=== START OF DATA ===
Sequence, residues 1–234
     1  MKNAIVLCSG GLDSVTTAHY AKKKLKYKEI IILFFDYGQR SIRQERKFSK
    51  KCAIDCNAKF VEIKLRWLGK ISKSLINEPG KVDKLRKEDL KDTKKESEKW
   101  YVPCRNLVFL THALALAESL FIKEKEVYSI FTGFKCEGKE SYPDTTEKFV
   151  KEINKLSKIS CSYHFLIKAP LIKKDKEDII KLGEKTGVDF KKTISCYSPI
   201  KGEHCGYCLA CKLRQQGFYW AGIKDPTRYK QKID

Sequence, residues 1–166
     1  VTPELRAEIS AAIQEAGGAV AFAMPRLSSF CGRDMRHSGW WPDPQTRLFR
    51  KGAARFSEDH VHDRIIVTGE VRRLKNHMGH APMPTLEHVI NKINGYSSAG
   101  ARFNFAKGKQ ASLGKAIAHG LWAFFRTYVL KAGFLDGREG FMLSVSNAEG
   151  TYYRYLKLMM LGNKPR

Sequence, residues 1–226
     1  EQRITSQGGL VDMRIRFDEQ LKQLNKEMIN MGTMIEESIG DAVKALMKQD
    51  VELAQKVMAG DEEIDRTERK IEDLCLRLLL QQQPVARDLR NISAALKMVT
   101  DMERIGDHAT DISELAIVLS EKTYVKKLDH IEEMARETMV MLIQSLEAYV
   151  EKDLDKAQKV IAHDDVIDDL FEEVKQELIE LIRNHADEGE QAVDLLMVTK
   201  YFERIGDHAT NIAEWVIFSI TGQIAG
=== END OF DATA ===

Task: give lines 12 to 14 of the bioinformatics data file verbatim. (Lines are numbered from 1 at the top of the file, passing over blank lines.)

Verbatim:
Sequence, residues 1–226
     1  EQRITSQGGL VDMRIRFDEQ LKQLNKEMIN MGTMIEESIG DAVKALMKQD
    51  VELAQKVMAG DEEIDRTERK IEDLCLRLLL QQQPVARDLR NISAALKMVT